Lockdown hasn’t been good for anyone, but your brain has probably suffered the most. Don’t let this worry you, especially if you haven’t seen any side-effects. No one is predicting that you’ll experience a mental illness. However, it’s important to be aware of the consequences of remaining indoors for the better part of a year.
For instance, you have a greater risk of suffering from depression as you can’t relieve pent-up tension as easily. The trick is to keep your brain stimulated. Then, the after-effects of lockdown won’t be as severe. If you aren’t sure how to do it, please continue reading.
The thing you want to ward off is stress. When your cortisol levels increase in a harmful way, you’re more likely to deal with memory loss, and that’s a precursor for the mental illnesses you want to avoid in later life. Thankfully, socializing can take many forms, from having a virtual conversation over Zoom to going out for a socially-distanced walk with a friend.
Gaming is an incredibly powerful way to connect with people, which is partly why console sales have gone through the roof since March 2020.
Stop Staring At Screens Unnecessarily
Staring at a screen isn’t going to do you any favors unless the information on the device is challenging. Scrolling through social media, for example, is quite unhealthy as it only boosts your fear of missing out, or encourages you to compare your life to another person’s lifestyle.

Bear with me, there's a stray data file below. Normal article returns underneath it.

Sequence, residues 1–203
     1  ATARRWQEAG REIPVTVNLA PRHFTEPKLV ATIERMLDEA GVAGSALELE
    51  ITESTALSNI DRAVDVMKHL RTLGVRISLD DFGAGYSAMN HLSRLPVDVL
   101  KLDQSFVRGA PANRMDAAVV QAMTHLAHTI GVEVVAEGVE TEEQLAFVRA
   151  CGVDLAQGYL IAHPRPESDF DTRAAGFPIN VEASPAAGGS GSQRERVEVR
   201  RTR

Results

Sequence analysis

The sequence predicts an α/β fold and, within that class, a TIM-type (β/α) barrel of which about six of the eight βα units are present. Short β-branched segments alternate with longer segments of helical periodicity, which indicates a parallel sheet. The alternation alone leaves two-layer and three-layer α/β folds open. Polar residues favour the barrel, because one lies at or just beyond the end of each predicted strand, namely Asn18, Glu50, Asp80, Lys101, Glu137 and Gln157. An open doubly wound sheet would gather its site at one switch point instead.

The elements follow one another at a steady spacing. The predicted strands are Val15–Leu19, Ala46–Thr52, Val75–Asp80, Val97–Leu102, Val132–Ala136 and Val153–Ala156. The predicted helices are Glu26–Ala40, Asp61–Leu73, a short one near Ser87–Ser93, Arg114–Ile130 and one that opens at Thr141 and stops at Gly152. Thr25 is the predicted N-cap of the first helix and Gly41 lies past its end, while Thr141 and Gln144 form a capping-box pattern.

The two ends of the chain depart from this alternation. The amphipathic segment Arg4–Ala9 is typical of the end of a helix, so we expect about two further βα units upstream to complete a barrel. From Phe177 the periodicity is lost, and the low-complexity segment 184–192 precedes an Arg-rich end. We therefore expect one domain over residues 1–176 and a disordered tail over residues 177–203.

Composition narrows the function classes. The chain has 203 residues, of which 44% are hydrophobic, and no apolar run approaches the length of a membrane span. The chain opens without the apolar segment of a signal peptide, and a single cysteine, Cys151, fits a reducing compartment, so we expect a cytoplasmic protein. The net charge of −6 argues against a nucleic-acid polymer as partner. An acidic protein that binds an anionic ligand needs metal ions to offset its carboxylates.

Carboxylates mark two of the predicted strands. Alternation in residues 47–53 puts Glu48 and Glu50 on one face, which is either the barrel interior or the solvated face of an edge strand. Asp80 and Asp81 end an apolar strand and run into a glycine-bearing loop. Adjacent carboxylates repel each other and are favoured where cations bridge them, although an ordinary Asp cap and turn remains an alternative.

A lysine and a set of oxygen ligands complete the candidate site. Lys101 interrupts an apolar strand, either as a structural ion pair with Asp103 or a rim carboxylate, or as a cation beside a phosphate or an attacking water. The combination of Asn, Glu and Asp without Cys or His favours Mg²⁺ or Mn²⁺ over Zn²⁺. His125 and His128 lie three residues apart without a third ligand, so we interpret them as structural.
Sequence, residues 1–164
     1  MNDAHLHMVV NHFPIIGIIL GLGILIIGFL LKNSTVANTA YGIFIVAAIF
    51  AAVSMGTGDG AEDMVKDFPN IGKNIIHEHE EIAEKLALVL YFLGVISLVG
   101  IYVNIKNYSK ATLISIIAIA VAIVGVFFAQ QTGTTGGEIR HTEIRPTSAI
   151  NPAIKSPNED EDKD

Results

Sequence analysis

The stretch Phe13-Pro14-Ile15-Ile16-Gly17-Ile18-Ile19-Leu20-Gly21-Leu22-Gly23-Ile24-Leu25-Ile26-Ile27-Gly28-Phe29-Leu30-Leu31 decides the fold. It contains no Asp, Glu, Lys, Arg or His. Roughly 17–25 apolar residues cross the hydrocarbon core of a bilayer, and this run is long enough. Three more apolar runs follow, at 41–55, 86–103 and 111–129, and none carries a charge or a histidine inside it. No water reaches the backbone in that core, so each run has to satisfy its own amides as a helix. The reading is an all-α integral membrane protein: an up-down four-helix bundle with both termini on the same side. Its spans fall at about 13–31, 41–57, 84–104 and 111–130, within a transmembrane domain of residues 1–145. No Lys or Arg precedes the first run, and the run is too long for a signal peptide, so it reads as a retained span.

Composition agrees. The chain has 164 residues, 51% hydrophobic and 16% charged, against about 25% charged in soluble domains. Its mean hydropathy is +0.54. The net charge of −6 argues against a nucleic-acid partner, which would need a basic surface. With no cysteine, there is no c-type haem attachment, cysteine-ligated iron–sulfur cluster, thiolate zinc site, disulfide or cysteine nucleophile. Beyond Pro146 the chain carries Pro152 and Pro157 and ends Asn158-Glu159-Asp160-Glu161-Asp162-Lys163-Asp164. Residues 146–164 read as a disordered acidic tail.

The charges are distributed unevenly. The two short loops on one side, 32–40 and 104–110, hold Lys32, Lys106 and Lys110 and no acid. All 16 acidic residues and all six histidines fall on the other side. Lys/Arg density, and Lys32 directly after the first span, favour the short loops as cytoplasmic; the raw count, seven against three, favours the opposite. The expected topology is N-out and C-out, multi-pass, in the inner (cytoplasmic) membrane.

A smart move is to participate in digitally challenging pursuits, such as an escape room. As soon as you play an online escape room, your brain cells will begin to fire as they think of ways to solve clues and crack the code. Alternatively, you can read, taking in new ideas and increasing your vocabulary in the process.
Keep A Schedule
It’s all about staying mentally active, and anything that encourages your mind to work counts. Therefore, keeping a schedule is a quick and easy way to stimulate your brain when you assume you’ve exhausted other avenues. A smart move is to write them down in a book or appointment calendar. That way, you can check things off your to-do list.
If you prefer mental schedules, the key is to repeat things out loud to yourself. When you do this, your powers of recollection will be enhanced, and you’ll be less likely to forget even the smallest of details.
A lockdown is a comfortable period in many ways. After all, your job is to stay at home as much as possible to prevent the spread of the virus. That means everything takes place from home, and your house becomes your safety blanket. Sadly, this routine stops the brain cells from working hard, which is why you might experience fatigue and apathy.
Challenging yourself takes you out of your comfort zone, and it encompasses many different tasks, such as sticking to a vegan diet or trying a new hobby that you haven’t attempted before.
Brain stimulation is essential. What are you doing to put your mental health first?